Not at the show, but waiting in the wings to be introduced to North America on Thursday at the Detroit Science Center is the tiny, ultracheap Nano from Tata Motors Ltd. of India. Tata said last week it is developing a North American Nano that it hopes will be available in three years.

Meeting U.S. and Canadian safety standards and consumer tastes will raise the price of the car well above its $2,500 cost in India, but if Tata goes ahead, it will be another entry in the growing subcompact segment, which Detroit ignored for more than a decade.

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The downsizing of vehicles also shows up under the hood. Even if drivers are replacing their current vehicles with new cars of the same size, they're moving to smaller engines.

"Instead of buying a V-6 engine, they buy a four-cylinder engine," says Xavier Mosquet, who heads the automotive practice at Boston-based consulting firm Boston Consulting Group.

Although fuel prices fell last year from the surge in 2008, the thinking among road warriors is: "If fuel prices rise again, I've just been smarter because I've made the right choice," Mr. Mosquet says.

When Ford's mid-sized Fusion sedan went on the market in 2006, the split between four-cylinder and six-cylinder engines was about 50-50, Mr. Pipas says.

Last year, 60 per cent of buyers chose a four-cylinder, another 10 per cent bought a hybrid version and 30 per cent bought Fusions with V-6 engines.

The absence of horsepower comes in part because there are no news conferences or unveilings by Chrysler, which in past years could be counted on to roll out a super car with a top speed of 248 miles per hour, a reborn Challenger muscle car or a four-wheeled motorcycle with a V10 engine.

Instead, Chrysler's most intriguing new product will be from Fiat SpA, which now owns 20 per cent of the No. 3 Detroit company and has management control.

An electric version of the Fiat 500 subcompact car will troll Electric Avenue. The gas version of the 500 is coming to a Chrysler dealership near you, perhaps as early as the end of this year.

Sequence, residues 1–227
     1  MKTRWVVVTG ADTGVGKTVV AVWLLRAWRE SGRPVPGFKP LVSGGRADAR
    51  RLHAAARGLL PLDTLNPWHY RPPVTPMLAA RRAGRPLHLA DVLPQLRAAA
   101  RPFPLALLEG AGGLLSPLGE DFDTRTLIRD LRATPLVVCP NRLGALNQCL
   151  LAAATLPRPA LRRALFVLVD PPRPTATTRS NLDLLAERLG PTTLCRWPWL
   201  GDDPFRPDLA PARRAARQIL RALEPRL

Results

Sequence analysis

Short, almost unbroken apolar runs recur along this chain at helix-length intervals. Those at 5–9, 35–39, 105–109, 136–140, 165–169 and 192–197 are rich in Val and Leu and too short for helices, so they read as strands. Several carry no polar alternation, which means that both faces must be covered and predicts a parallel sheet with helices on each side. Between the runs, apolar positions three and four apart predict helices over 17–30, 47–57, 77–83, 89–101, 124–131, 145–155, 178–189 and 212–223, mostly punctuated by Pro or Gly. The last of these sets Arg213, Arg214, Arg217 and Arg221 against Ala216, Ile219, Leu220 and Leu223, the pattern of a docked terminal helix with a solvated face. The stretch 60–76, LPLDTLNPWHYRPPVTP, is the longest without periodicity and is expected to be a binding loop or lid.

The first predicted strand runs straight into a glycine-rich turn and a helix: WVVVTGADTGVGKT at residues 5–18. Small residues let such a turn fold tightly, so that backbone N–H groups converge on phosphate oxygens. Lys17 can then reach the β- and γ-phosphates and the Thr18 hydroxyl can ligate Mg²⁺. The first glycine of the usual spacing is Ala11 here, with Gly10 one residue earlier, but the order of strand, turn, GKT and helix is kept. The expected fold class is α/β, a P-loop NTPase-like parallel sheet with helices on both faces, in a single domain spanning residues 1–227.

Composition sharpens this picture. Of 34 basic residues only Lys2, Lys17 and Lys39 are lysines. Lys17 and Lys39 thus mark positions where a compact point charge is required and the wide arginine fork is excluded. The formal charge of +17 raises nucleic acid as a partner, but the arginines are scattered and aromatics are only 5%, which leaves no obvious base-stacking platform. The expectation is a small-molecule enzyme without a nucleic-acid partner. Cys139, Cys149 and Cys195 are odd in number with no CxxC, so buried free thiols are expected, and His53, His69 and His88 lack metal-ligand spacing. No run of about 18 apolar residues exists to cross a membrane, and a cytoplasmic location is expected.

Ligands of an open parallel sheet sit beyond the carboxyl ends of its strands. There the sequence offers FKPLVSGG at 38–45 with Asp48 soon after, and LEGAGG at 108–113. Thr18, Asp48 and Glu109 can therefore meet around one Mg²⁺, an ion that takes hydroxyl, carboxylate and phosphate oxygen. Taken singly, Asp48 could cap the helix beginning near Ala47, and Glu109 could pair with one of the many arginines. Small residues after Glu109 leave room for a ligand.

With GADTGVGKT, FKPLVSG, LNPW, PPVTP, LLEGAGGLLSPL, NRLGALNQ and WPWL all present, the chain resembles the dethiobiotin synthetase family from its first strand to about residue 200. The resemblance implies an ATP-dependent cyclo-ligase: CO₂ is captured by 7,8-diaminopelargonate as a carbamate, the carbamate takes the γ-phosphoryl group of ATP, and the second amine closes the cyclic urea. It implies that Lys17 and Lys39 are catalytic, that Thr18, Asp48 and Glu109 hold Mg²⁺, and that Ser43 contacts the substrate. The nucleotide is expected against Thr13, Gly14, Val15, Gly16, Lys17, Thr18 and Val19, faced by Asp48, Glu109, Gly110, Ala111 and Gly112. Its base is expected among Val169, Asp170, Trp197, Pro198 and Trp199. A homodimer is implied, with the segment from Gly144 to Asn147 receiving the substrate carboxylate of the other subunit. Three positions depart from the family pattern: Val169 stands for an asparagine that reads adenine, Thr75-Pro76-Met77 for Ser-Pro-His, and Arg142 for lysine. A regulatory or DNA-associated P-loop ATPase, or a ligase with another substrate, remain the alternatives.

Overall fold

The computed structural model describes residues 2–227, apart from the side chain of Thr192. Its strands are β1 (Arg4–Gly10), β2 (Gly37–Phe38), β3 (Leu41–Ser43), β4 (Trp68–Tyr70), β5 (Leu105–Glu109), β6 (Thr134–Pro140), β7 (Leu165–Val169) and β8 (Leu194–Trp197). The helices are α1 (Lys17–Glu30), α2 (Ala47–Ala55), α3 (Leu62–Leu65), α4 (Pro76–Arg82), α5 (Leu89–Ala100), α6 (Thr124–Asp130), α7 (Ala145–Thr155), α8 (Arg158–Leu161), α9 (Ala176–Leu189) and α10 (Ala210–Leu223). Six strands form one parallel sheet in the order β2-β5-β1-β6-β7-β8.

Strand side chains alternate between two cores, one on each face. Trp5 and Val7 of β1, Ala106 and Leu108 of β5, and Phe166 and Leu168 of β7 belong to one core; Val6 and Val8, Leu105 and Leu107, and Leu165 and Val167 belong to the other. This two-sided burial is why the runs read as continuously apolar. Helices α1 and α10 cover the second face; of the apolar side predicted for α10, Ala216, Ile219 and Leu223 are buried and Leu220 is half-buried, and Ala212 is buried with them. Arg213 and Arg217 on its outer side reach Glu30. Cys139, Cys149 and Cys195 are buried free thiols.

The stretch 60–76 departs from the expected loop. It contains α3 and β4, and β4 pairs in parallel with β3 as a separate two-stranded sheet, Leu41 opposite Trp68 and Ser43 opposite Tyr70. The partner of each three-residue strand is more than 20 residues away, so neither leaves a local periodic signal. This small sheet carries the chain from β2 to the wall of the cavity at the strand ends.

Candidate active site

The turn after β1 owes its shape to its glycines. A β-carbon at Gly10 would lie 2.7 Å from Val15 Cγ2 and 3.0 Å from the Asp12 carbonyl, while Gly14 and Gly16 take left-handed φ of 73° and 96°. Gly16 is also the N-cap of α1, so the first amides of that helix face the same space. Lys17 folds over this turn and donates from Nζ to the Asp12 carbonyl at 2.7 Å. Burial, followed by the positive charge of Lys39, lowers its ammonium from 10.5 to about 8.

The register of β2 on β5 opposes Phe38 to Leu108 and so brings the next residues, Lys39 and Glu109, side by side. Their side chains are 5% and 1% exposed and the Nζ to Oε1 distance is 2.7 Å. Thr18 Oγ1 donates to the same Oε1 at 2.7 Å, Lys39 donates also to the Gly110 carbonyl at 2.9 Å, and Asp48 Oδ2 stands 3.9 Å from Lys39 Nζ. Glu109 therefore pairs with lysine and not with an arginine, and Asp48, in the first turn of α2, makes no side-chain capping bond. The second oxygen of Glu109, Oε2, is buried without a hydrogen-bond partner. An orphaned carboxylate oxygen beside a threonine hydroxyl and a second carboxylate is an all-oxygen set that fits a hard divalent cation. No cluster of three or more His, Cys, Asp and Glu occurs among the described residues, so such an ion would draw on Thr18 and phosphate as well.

The Leaf, an electric vehicle developed by Nissan Motor Co. Ltd. will also be on display on Electric Avenue.

Toyota will unveil a new hybrid-electric car that's smaller than its Prius, which jolted the market a decade ago.

The pure electric vehicles such as the Leaf and even the cars that will be mainly battery powered with a small gasoline engine, such as the Chevrolet Volt, are not expected to generate profits for the auto makers for years or even to capture significant market share. But the small cars such as the Chevrolet Cruze and Ford's new Fiesta and the new offerings Chrysler will bring to the market with Fiat's help next year and in 2012 need to be profitable.

"The small car issue is a big question mark for everyone," says Mr. Cole of the Center for Automotive Research.

But one way to generate profits from them and attract the millennial generation is to pack them with entertainment and information technology.

So it was no accident that Ford chief executive officer Alan Mulally gave the keynote address at the Consumer Electronics Show in Las Vegas last week.

Ford used that show to announce that its vehicle communication and entertainment system known as Sync - developed with Microsoft Inc. - will soon offer Internet radio and access to Twitter messages.

Mr. Pipas has noticed how that's a striking change from his teenage years, when friends connected by getting the keys to the family car and hanging out at a drive-in or some other place.

"People today hang out on YouTube, they hang out on Twitter, they hang out on God only knows where," he says. "But they don't have to go from A to B to be connected, that's the point."

This story has been corrected from an earlier version.